This concern about a lack of professional support is a feeling also expressed by Freya Smith, a 16-year-old from Cambridge. Freya had a bad relationship with food for a long time, and cites traumatic childhood experiences as a root cause of her disorder. Adolescent trauma is a common cause for eating disorders; the National Eating Disorder Association refers to research that suggests 30% of eating disorder patients have been sexually abused.
“Sometimes people don’t get the support they need from mental health services because they just don’t understand,” she says. “But here [on Instagram] everyone supports everyone with their recovery no matter who they are or where they come from.”
Freya created her account when she was first discharged from treatment for anorexia. She says it became more important when she relapsed and wanted to find others in her situation. Unlike Ashleigh or Tiffany, however, Freya places importance on the aesthetic quality of her photos. Her account is full of photos of sweets spilling out of their cases, rows and rows of cereal bars, chocolate bars perfectly piled on top of each other. It often affects how she eats, she says, but she tries not to be affected by the community’s many subgroups.
“I do only post food that looks good, so sometimes I will restrict my diet to food that looks good. I also feel a lot of pressure to eat unhealthy food.”
Deanne Jade, the founder of the UK-based National Centre for Eating Disorders, is worried about the lack of professional leadership on Instagram. She claims she has seen similar Facebook pages on which young people encourage one another away from professional care. Jade thinks the pages described to her are “online communities of people who are mentally sick” and who display “toxic behaviour”. She believes these communities may fuel the unofficial disorder of “orthorexia”, an obsession with the quality of food someone consumes.
BuzzFeed News reached out to Jade to ask why the centre still lacked a social media presence in light of evidence showing the large number of young people on Instagram. Jade was away on holiday so unable to comment.
There are some professionals who believe that positive dialogue between eating disorder sufferers could be beneficial. “It seems like a positive idea: young people in a similar situation, supporting one another,” adolescent psychiatrist Dr Tony Jaffa told BuzzFeed News. He admitted that although he has not come across these groups himself, he is welcoming of the idea.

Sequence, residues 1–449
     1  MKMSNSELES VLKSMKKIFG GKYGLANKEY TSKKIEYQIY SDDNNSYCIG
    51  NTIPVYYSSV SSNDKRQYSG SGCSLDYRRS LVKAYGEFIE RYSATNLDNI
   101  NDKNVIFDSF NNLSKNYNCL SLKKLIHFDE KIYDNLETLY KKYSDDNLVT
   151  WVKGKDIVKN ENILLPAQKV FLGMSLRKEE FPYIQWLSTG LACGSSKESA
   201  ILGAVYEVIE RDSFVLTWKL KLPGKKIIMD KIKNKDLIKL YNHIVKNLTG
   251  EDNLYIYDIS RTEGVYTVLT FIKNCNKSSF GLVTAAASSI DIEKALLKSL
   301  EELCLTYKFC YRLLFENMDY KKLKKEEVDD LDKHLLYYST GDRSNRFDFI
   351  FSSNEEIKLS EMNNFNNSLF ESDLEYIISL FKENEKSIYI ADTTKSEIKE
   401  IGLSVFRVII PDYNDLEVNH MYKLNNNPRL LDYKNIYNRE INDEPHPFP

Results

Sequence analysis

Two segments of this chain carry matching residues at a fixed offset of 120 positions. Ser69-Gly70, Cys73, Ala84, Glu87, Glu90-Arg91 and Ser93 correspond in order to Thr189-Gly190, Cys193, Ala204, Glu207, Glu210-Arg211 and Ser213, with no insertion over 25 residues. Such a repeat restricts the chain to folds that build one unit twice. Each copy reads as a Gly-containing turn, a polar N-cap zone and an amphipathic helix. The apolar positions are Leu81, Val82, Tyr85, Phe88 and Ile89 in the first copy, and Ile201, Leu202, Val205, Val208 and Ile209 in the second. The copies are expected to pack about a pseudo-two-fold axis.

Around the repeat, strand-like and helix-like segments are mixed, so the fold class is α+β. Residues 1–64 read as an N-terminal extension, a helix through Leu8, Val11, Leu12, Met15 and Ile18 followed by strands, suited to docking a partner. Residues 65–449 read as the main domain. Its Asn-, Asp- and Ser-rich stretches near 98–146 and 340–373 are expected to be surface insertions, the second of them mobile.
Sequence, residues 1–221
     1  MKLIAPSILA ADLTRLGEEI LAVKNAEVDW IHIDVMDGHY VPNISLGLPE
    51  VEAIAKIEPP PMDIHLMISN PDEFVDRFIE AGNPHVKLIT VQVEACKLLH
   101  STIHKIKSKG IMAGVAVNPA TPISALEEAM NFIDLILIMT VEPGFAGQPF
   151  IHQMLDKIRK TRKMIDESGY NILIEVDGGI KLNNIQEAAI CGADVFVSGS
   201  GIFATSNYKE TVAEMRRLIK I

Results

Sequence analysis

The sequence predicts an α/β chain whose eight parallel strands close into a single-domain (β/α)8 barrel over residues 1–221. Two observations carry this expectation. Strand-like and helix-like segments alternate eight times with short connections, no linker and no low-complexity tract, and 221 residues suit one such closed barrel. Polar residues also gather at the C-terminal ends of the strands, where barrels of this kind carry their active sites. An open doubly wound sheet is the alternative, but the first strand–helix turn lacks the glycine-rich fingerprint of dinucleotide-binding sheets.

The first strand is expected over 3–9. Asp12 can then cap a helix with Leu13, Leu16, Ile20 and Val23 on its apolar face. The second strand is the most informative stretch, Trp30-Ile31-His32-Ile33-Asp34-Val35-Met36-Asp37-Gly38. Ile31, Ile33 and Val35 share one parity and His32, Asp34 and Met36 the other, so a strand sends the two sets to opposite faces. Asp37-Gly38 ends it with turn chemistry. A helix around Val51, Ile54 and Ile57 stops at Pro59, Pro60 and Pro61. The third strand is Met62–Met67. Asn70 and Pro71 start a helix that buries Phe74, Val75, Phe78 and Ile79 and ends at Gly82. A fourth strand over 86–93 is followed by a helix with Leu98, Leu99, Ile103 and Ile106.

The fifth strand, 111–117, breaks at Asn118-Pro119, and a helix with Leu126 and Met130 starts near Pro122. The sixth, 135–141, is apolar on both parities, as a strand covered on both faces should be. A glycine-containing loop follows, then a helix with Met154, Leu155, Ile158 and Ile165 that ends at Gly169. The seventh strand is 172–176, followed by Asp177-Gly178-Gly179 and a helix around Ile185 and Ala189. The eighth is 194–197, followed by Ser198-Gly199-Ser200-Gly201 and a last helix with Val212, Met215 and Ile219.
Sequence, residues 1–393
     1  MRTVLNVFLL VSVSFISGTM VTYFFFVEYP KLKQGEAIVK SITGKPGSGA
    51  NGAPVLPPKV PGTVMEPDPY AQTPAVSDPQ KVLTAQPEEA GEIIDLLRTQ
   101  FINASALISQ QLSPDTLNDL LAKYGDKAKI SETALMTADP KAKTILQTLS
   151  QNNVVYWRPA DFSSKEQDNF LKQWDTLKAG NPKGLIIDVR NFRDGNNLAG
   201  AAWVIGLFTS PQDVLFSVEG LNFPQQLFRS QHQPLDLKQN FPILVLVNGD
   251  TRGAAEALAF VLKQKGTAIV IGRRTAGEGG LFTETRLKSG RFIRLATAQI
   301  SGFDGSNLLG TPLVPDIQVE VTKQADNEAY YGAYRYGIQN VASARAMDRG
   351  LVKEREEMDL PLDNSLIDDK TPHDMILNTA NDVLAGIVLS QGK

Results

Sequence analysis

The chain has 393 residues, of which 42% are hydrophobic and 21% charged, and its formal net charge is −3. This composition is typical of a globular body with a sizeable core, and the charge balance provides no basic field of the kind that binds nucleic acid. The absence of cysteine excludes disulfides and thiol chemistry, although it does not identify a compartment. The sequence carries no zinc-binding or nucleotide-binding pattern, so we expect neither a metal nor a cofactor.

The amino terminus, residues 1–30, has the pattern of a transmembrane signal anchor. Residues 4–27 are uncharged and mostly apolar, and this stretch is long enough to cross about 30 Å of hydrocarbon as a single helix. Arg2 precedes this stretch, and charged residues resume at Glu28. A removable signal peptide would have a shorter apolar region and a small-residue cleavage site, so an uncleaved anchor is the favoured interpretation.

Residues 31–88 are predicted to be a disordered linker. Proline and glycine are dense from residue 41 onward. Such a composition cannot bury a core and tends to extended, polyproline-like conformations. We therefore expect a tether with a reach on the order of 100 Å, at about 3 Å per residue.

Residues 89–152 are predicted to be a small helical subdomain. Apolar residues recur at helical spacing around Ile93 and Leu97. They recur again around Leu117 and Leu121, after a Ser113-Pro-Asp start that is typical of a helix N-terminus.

This sentiment is shared by media psychologist Dr Pamela Rutledge. She advocates for support groups as a form of social connection and acceptance for those who feel their disorder has seen them ostracised. The plus of the Instagram community, she says, is that it is always available for the girls to access, unlike professional care. The element of visual evidence of recovery can be especially helpful and, unlike Jade, Rutledge believes that the images seen on recovery pages aren’t necessarily triggering, but a way for sufferers to retrain their negative responses, such as a fear of junk food.
“These girls are creating a narrative – their story – in powerful ways and the community members are able to identity and project themselves into the journeys, which increases the probability that they will model the recovery behaviours.”
That narrative-building Rutledge likes about Instagram is instantly noticeable when the Tesco cafe’s server brings Ashleigh’s lunch to the table. She immediately posts a picture of it on her Instagram account.
“Gammon, chicken, veg, and potatoes – which again shows I’ve come a long way as a result of this community. This stuff is all unknown calorie and portioned out by me, where at one point I couldn’t eat anything unless it was in a specifically portioned packet with the nutrition info on… Now this doesn’t even phase [sic] me,” she captions the photo.
Within moments the post is littered with comments and likes, telling Ashleigh how inspiring she is. It currently has over 500 likes. Ashleigh says that while not true now, when she first started her account getting feedback from her followers was essential. “Back then I wouldn’t eat it if I couldn’t take a picture of it, because I so desperately wanted to prove that I was having these things. Now I’d rather take a photo than worry about the presentation.”
“Well done!! You’re incredible,” user recovering_dreamer comments.
“You are so marvelous and inspiring! In love with your attitude and account. Stay amazing,” another user, from.tiffany, comments.
“My account has become more than recovery, it allowed me to become me,” Ashleigh says. “It’s built my confidence. I’m just so glad I got through it and wish everyone can.”